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  1. Vor 3 Tagen · Howard Robard Hughes Jr. (December 24, 1905 – April 5, 1976) was an American aerospace engineer, businessman, filmmaker, investor, philanthropist, and pilot. He was best known during his lifetime as one of the most influential and richest people in the world. He first became prominent as a film producer, and then as an important ...

    • April 5, 1976 (aged 70), enroute via air from Mexico to Houston, Texas, U.S.
    • Howard Robard Hughes Jr., December 24, 1905, Houston, Texas, U.S.
    • Overview
    • Early life
    • Hollywood
    • Aviation, the Howard Hughes Medical Institute, and Las Vegas

    Howard Hughes, in full Howard Robard Hughes, Jr., (born December 24, 1905, Houston, Texas, U.S.—died April 5, 1976, in an airplane over southern Texas), American manufacturer, aviator, and motion-picture producer and director who acquired enormous wealth and celebrity from his various ventures but was perhaps better known for his eccentricities, es...

    In 1909 Hughes’s father, Howard R. Hughes, Sr., invented a rotary bit for oil well drilling that made the family extremely wealthy. The younger Hughes early showed a talent for engineering, and he later studied at the California Institute of Technology, Pasadena, and at the Rice Institute of Technology, Houston. During this time, both his mother (1...

    In 1926 Hughes moved to Hollywood, where he became known for making films that ran both over budget and afoul of censors. He produced several movies—notably the Academy Award-winning Two Arabian Knights (1927)—before beginning work on Hell’s Angels in 1927. Numerous problems plagued the shoot. Originally intended as a silent film, it had to be reshot as a talkie. In the process, Greta Nissen was replaced by Jean Harlow. Several directors also left the production, and eventually Hughes took over. The film was finally released in 1930. While the storyline—two British pilots fall in love with a socialite during World War I—proved uninspired, the film’s stunning aerial sequences were considered groundbreaking. The drama was a box-office hit, though it failed to recoup its production costs, which were in excess of $3 million.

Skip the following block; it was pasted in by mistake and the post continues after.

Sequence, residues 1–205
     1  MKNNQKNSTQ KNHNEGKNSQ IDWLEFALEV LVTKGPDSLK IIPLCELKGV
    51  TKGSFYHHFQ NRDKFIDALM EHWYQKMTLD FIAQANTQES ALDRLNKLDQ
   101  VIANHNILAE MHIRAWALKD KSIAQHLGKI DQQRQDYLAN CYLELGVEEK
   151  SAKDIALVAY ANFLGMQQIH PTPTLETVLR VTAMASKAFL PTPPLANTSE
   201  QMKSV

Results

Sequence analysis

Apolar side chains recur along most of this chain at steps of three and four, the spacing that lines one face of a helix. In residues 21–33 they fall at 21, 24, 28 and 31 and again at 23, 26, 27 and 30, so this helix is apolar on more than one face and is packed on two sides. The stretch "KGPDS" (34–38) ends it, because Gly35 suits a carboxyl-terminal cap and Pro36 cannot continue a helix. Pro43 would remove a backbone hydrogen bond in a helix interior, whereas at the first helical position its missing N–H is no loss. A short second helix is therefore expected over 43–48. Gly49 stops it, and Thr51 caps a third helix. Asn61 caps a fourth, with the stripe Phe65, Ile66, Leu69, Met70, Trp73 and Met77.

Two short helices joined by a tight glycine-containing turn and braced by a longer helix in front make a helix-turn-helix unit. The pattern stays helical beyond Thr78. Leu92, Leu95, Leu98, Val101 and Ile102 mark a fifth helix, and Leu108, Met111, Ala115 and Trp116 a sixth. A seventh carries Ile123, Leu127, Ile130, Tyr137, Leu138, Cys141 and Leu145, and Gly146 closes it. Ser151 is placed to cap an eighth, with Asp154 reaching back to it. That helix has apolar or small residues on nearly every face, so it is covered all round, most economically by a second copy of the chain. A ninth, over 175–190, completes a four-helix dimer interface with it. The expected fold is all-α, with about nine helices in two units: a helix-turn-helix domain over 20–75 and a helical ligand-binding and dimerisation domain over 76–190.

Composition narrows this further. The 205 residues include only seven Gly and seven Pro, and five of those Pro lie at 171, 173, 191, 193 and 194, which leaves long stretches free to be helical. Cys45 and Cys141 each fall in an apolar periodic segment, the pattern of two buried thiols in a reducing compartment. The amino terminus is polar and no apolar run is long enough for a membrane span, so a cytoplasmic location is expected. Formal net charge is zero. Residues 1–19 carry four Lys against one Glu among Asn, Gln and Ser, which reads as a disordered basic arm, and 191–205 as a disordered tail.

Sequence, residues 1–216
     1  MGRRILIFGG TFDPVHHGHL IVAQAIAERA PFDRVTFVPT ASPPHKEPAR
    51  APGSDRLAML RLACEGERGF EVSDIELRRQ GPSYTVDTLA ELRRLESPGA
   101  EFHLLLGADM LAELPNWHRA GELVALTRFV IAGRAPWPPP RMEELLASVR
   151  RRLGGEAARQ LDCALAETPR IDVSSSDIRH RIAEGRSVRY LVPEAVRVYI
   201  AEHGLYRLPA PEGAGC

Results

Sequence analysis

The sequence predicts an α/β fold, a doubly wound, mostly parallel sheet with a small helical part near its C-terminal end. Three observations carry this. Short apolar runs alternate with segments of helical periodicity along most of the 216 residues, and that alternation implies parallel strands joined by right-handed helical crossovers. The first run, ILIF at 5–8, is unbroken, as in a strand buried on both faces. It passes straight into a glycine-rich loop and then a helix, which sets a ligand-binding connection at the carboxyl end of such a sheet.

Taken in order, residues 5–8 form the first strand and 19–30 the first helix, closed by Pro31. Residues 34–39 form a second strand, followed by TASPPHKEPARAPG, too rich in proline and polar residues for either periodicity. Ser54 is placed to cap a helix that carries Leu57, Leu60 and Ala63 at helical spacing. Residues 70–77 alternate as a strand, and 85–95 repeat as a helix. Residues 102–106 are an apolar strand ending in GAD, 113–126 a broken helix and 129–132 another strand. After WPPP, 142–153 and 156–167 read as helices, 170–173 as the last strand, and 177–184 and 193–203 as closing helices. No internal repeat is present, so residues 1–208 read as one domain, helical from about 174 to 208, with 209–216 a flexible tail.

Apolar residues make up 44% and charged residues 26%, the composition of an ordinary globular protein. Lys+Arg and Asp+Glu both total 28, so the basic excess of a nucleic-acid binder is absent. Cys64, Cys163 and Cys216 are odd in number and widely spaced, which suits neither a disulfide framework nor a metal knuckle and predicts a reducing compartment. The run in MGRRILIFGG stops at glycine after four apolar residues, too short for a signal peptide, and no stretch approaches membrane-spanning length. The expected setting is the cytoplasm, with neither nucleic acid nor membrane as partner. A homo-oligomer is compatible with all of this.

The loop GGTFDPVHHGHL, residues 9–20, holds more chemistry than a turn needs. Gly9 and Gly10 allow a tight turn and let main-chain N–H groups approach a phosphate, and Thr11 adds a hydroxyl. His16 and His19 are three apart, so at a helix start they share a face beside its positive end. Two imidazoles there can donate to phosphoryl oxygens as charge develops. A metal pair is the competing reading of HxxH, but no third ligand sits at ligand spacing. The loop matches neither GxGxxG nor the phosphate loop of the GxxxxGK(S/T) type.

Hughes then produced a series of movies, notably Scarface (1932), which was based on the life of Al Capone. The shoot was marred by frequent arguments between Hughes and director Howard Hawks. In addition, its release was delayed by censors at the Hays Office, who demanded various changes to the violent and brutal film. In the end, it was a huge hit, and Paul Muni, who was cast in the title role, became a major star. Hughes later produced and directed The Outlaw (1943), about Pat Garrett, Doc Holliday, and Billy the Kid. However, most of the attention was focused on newcomer Jane Russell, whom Hughes cast as a love interest and outfitted in highly provocative clothing. He designed a special brassiere to accentuate her assets, though the actress later stated that it was never used during filming. Unsurprisingly, Russell’s wardrobe ran afoul of censors, and the lengthy battle between Hughes and the Hays Office generated much publicity, helping make The Outlaw a huge success.

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    While making films, Hughes was also involved in aviation. In 1932 he founded the Hughes Aircraft Company in Culver City, California. On September 12, 1935, in an airplane of his own design, he established the world’s landplane speed record of 352.46 miles (567.23 km) per hour. On January 19, 1937, in the same craft, he averaged 332 miles per hour in lowering the transcontinental flight-time record to 7 hours 28 minutes. Flying a Lockheed 14, he circled Earth in a record 91 hours 14 minutes in July 1938. The following year Hughes bought a share of Trans World Airlines (TWA), and he eventually acquired 78 percent of its stock.